In 2006 I was ruminating on the complexity of software development, also known as the software crisis. This term was coined almost 40 years earlier and in 1972 Edsger Dijkstra spoke about it:
The major cause of the software crisis is that the machines have become several orders of magnitude more powerful! To put it quite bluntly: as long as there were no machines, programming was no problem at all; when we had a few weak computers, programming became a mild problem, and now we have gigantic computers, programming has become an equally gigantic problem.
— Edsger Dijkstra, Communications of the ACM (Wikipedia)
Complexity marches on
Perhaps my brain was already beginning to slow down in the face of the rapid pace of change, since by this time I was no stranger to complexity. What surprised me as I thought about it was that things didn’t seem to be improving. Despite huge advances in the tools and libraries at our disposal, it felt like we were losing ground. The tools vastly simplified the work compared to even just a few years earlier, but the expected functionality was becoming more complex faster than the tool releases or knowledge updates.
The next time I paused to think about this was as multi-core processors were becoming the desktop standard. Some industry articles were bemoaning the poor state of reliable language support for parallel algorithms. Others pointed out the more serious fact that was obvious to me as well: most developers had (have!) no experience in analysing or creating parallel solutions. Furthermore, these developers depend on their programming language to do the right thing, as they should be able to, but they won’t be aware of its limitations and will be at a loss when their assumptions break down without warning.
The sheer multitude of applications at our disposal and the ease with which we can connect with data and services shows that things are generally working well. However, it seems to me that the software we use today should already be capable of much more and it should certainly be much easier to produce.
Software crisis 2.0
This term was recently proposed by Brian Fitzgerald, IEEE Computer, April 2012. He points out two factors that are combining to greatly increase the expectations we have of software (and by extension of the software development community). Big data, driven by scientific and financial research, social networks, and the coming Internet of Things (100 billion connected devices, trillions of sensors), creates a huge data push. The growing population of digital natives, users who have grown up with technology, are creating a growing demand, or pull for increasingly powerful applications.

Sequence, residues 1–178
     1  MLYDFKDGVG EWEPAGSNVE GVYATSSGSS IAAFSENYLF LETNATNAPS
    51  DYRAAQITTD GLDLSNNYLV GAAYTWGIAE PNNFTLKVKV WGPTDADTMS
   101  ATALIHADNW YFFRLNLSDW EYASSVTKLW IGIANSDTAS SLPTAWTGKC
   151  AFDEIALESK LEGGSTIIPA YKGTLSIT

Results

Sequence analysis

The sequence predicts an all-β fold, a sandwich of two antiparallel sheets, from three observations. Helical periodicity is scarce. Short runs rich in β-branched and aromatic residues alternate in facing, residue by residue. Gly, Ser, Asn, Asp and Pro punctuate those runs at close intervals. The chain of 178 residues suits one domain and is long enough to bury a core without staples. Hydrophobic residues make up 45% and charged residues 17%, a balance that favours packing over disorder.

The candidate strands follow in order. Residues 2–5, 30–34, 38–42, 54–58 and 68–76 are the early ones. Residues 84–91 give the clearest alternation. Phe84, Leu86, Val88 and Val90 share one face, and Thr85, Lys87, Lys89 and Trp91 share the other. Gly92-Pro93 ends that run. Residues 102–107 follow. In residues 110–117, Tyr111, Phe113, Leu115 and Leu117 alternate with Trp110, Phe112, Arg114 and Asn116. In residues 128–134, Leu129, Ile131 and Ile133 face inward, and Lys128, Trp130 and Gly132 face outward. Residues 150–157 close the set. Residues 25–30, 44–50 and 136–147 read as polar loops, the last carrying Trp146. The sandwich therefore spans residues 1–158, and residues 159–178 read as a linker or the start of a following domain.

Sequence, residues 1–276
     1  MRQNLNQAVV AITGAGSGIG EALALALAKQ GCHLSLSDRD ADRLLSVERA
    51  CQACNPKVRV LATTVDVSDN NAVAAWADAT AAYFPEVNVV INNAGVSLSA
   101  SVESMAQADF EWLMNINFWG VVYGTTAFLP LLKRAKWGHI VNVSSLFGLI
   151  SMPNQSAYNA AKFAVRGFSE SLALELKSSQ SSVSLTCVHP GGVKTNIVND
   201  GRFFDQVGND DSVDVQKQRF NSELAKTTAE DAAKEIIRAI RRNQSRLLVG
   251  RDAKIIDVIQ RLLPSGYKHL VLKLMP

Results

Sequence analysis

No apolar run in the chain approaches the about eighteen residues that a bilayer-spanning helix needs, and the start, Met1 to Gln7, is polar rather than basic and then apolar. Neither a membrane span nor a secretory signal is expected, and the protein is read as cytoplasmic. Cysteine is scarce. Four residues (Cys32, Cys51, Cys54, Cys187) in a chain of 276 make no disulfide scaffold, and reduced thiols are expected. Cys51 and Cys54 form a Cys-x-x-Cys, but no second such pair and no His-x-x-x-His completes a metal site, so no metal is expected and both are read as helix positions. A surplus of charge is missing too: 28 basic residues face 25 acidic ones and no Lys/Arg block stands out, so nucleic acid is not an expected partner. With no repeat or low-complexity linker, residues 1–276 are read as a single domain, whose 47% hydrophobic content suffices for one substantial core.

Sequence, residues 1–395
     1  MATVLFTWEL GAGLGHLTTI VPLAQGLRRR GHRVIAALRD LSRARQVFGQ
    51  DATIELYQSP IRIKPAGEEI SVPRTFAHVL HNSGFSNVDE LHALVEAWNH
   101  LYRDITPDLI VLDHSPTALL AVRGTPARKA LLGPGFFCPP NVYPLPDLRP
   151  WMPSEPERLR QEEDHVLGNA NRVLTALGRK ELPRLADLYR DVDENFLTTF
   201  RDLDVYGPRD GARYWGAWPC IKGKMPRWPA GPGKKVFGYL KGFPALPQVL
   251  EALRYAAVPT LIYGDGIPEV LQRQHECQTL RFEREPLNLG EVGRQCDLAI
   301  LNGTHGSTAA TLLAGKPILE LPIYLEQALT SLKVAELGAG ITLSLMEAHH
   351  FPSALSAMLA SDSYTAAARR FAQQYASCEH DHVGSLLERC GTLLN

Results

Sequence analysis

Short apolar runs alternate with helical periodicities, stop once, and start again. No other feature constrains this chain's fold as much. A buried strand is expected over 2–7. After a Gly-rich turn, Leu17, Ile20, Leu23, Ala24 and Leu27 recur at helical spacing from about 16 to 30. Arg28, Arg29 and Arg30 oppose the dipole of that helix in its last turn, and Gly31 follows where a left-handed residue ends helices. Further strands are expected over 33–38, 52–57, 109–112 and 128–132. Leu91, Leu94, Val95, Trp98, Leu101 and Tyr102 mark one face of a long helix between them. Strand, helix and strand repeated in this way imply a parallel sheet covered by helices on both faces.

Fitzgerald points out that all the advances we have made in the our practice will be inadequate for the software development capacity required to service the combination of these factors.
The elephant in the room
There is potentially an even bigger problem, a third factor, that needs to be taken into account in any discussion of the ongoing software crisis. It is still unknown whether or not there will be a labour shortage as the baby boomers begin to leave the work force. We do know that the elderly are living longer and are more active so we will certainly have to rely more heavily on technology to support all of the population. Combined with year over year declines in computer science enrolments, the software development capacity could actually be declining for the near future.
As Fitzgerald points out, there is yet to be a silver bullet for increased software productivity. However, we have a social responsibility to improve software productivity wherever and however possible. This means that we have to create better software (applicable, maintainable, extensible) with the means we have at hand. We must place a greater emphasis on the upfront investment required to repeatedly release quality products. We have to commit ourselves to continuous improvement by constantly reflecting on the efficacy of our processes and adjusting to accommodate our insights and the changing development environment.